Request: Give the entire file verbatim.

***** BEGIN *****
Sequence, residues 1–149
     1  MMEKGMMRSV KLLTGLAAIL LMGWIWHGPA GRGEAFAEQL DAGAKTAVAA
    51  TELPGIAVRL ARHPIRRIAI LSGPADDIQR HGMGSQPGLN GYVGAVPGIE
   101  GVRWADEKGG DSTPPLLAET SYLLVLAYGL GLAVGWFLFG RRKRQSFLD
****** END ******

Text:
Sequence, residues 1–149
     1  MMEKGMMRSV KLLTGLAAIL LMGWIWHGPA GRGEAFAEQL DAGAKTAVAA
    51  TELPGIAVRL ARHPIRRIAI LSGPADDIQR HGMGSQPGLN GYVGAVPGIE
   101  GVRWADEKGG DSTPPLLAET SYLLVLAYGL GLAVGWFLFG RRKRQSFLD